The ‘polluter pays’ principle: Proposed amendments to the Environmental Management Act may usher in a new era for B.C. industrial companies
British Columbia is taking a major legislative step towards requiring industrial companies to pay for a significant scale of environmental cleanup if their projects are abandoned.
The province is proposing amendments to its Environmental Management Act, SBC 2003, c 53 (the EMA) that will enable the government to collect, use, and enforce financial assurance requirements through future regulations.
A primer on the EMA
The EMA is one of the primary pieces of legislation governing environmental protection in B.C. It regulates industrial and municipal waste discharge, pollution, hazardous waste and contaminated site remediation. And importantly, it has teeth. The EMA enables the use of permits, regulations and codes of practice to authorize discharges to the environment, and it provides for enforcement tools, such as administrative penalties, orders, and fines to encourage compliance.
The EMA has been amended several times in recent years to reflect changes in environmental policy and to address emerging environmental issues.
The proposed amendments to the EMA
The recent proposed amendments to the EMA are B.C’.s latest effort to further expand its environmental protection regime and, in particular, to attempt to impose significant penalties on companies for their alleged environmental impacts.
The proposed legislation would work to uphold the “polluter pays” principle. This principle places the responsibility for industrial-site cleanup with owners or operators – with those who cause or contribute to pollution arising from industrial facilities. As recently held by the Supreme Court of Canada, the “polluter pays” principle is “a well-recognized tenet of Canadian environmental law”. The Supreme Court explained: “[t]his principle assigns polluters the responsibility for remedying environmental damage for which they are responsible, thereby incentivizing companies to pay attention to the environment in the course of their economic activities.”
How will the polluter pays principle work with the EMA amendments?
If passed, the EMA amendments will impose significant obligations on companies. They will place the responsibility for industrial-site cleanup with the “owners” of facilities that are engaged in certain industrial or commercial purposes with the potential to cause pollution or contamination. “Owners” will be defined broadly to mean persons who are in possession of the facility, have the right to control the facility, or who occupy or control the use of the facility, or even persons with a legal or equitable interest in the facility.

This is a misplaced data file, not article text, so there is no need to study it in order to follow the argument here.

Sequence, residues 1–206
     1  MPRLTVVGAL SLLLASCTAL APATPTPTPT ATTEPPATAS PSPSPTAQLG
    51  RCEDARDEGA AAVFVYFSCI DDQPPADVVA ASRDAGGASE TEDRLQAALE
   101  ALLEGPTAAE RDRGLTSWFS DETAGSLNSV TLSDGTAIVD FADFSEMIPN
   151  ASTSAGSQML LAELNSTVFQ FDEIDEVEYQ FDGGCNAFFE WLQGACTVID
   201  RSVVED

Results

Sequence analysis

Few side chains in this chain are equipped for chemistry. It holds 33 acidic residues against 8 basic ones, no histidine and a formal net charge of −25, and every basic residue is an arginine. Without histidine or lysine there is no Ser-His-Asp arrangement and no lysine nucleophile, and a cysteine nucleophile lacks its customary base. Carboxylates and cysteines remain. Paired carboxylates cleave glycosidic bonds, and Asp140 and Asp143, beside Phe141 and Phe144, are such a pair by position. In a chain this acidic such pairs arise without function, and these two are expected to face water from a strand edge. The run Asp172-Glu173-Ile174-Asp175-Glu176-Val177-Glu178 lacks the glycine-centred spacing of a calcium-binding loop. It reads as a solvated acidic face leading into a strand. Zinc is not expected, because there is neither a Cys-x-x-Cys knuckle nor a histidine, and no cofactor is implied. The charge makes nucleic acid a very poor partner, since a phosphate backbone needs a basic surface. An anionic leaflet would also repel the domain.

Owners will be required to plan for the decommissioning and closure of their operations. They also will have to provide financial security for environmental cleanup in advance of such decommissioning. High-risk industries regulated under the EMA will be captured by these proposed amendments as “specified facilities”, defined as those used for “a prescribed industrial or commercial purpose or activity”, e.g., those purposes and activities prescribed in Schedule 2 to the EMA’s Contaminated Sites Regulation, including chemical, electrical, mining, metal smelting, petroleum and natural gas, waste disposal, and wood and pulp and paper industries, among others.
In particular, the new proposed legislation would require a person in control of such a facility to prepare and submit a “decommissioning and closure plan” for the facility. Notably,the decommissioning and closure plan could be required even though the substance or thing addressed by the plan (i.e., a potential contaminant) is not prohibited under the EMA.
If a specified facility is deemed “abandoned” by the Ministry of the Environment, environmental officers will have the power to enter the abandoned facility and carry out any actions for the purpose of decommissioning and closing the facility, and to seek cost recovery for those actions against any "accountable person,” including owners or persons in control immediately before operations ceased.
The B.C. government has identified that these amendments serve two goals. First, to ensure the cost of cleanup is not borne by taxpayers but, instead, shifted to companies. And second, to protect B.C.’s natural environment and support its economic future as a leader in green initiatives. George Heyman, B.C.’s Minister of Environment and Climate Change Strategy, stated that the new legislation “will ensure industrial owners and operators whose operations could pollute our environment are accountable for cleanup” and the province is “committed to making sure companies […] support our province's economic future, but also support healthy communities by maintaining the health of our land, air and water.”
The proposed amendments to the EMA must still pass several hurdles before they could become law. They will undergo a second reading when the B.C. Legislative Assembly resumes sitting in the fall.
In addition, further details regarding the operational impacts of the proposed amendments, such as more clarity regarding what facilities will be considered “specified facilities”, and the requirements of the proposed decommissioning and closure plan, may not be clear until related regulations are released.
Osler has extensive experience providing advice on environmental regulation and decommissioning and abandonment obligations. If you have any questions regarding how the proposed amendments to EMA may impact your operations, please contact a member of the Osler Environmental Disputes, Investigations and Enforcement group, or the authors of this blog.